This course will examine how the mind extracts information from the environment, stores it for later use, and then retrieves it when it becomes useful. Initially, we will discuss how our eyes, ears, and brain turn light and sound into colors, objects, speech, and music. Next, we will look at how memory is organized and how it is used to accomplish a variety of tasks. Several memory models will be proposed and evaluated: Is our brain a large filing cabinet? a sophisticated computer? We will then apply these principles to understand issues like intelligence, thinking, and problem-solving. Throughout the course, we will discuss how damage to various parts of the brain affects our ability to learn and remember.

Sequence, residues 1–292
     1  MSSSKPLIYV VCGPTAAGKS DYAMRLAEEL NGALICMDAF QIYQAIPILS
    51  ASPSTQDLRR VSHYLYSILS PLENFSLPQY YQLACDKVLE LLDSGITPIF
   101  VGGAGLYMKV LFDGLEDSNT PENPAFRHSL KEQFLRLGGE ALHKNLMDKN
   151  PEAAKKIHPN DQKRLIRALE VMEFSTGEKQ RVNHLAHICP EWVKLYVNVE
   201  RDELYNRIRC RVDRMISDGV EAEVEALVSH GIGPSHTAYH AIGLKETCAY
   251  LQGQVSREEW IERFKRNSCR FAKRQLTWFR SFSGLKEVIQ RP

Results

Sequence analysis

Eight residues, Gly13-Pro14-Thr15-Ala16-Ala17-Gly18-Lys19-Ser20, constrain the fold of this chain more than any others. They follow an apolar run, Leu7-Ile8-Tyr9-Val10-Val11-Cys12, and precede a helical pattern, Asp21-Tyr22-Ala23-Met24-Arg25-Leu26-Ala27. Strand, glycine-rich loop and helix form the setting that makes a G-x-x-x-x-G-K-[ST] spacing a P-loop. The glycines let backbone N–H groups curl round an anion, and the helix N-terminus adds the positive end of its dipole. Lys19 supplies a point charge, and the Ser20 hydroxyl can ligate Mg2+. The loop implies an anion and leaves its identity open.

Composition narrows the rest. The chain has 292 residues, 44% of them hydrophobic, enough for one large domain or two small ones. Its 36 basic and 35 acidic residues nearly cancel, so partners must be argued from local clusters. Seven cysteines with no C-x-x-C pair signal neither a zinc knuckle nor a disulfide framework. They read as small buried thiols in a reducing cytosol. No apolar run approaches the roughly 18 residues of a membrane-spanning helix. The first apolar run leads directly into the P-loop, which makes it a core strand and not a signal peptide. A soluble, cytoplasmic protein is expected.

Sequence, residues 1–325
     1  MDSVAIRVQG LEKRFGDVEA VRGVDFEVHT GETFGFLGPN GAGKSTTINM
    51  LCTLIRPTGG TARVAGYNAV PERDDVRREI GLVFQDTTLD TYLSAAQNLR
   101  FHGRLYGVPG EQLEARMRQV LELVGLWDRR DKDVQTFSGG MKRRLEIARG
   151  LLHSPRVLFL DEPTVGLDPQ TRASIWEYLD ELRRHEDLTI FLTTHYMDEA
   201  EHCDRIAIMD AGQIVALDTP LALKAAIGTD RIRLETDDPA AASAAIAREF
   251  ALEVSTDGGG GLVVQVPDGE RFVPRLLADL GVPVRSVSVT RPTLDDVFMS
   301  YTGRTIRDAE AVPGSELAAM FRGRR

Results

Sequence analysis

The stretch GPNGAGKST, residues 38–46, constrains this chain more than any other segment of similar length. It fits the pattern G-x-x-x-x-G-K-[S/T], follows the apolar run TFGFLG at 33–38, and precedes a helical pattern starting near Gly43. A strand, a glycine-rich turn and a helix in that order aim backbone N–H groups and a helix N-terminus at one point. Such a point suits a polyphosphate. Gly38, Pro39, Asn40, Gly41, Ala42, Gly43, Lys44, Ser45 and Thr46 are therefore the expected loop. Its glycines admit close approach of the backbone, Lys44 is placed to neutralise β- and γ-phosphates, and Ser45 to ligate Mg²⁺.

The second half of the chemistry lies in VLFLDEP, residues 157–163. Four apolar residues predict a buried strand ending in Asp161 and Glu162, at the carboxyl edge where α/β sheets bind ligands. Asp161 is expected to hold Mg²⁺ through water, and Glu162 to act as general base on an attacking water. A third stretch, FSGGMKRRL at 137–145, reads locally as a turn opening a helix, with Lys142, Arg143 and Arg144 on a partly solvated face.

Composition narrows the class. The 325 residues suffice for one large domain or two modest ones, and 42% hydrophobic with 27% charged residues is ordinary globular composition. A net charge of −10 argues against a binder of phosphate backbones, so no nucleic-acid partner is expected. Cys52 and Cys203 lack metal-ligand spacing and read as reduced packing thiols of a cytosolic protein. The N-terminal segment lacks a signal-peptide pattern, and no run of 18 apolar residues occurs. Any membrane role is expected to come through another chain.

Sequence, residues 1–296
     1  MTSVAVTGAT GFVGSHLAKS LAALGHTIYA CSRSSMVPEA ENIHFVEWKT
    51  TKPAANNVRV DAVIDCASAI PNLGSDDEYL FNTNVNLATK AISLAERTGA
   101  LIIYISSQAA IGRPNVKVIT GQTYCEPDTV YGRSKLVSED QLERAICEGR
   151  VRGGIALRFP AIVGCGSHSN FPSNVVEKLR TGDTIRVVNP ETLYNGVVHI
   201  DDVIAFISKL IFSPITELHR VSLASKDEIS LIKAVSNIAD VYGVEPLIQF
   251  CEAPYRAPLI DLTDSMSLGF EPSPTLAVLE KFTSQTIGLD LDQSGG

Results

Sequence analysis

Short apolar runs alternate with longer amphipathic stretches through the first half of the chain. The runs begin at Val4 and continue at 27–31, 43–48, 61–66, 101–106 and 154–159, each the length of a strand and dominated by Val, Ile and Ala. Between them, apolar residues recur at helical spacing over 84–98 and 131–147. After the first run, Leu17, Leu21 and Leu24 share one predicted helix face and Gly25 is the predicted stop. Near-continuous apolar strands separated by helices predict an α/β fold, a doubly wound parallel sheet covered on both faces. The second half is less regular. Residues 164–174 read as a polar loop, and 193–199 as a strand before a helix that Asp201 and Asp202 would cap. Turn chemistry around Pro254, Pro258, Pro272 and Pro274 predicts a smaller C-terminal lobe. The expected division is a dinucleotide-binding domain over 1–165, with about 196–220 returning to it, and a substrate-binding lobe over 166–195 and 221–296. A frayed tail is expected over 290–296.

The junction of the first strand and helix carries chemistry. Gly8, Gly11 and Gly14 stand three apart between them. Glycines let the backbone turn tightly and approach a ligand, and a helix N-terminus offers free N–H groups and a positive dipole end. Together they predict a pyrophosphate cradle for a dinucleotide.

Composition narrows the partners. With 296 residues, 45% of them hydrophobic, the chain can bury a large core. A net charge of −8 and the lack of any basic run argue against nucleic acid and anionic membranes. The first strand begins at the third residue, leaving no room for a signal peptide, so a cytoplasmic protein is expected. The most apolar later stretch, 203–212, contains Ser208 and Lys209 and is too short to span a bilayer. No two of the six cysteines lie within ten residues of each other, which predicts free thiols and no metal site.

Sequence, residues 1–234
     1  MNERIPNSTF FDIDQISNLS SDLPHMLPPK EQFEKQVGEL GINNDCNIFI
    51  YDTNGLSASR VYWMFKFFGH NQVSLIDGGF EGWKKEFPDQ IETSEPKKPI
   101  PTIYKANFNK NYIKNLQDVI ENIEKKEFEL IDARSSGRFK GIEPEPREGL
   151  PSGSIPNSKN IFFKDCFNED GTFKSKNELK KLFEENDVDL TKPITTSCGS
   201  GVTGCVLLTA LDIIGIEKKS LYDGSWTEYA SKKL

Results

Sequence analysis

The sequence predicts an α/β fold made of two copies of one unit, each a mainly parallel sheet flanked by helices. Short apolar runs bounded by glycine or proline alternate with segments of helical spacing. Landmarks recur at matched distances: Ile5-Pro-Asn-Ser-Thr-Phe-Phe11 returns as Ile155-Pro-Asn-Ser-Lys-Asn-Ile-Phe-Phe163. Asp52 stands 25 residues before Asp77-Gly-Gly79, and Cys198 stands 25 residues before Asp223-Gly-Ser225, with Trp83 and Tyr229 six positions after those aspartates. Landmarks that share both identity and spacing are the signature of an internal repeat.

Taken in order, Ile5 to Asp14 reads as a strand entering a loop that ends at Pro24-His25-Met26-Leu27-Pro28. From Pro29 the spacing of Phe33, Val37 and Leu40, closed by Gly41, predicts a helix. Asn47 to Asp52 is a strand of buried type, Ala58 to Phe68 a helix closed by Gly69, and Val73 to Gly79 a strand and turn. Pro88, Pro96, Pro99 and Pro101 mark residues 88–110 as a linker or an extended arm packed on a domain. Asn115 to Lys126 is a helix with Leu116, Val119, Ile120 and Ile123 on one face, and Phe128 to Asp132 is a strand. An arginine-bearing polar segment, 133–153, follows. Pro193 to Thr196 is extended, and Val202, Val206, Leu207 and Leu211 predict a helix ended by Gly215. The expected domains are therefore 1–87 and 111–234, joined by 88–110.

Requisite: PSYC 100 or 212 or consent of the instructor. Limited to 40 students. Fall semester. Professor Schulkind.
If Overenrolled: Priority will be given to Psychology majors according to class seniority, then to other students also by class seniority.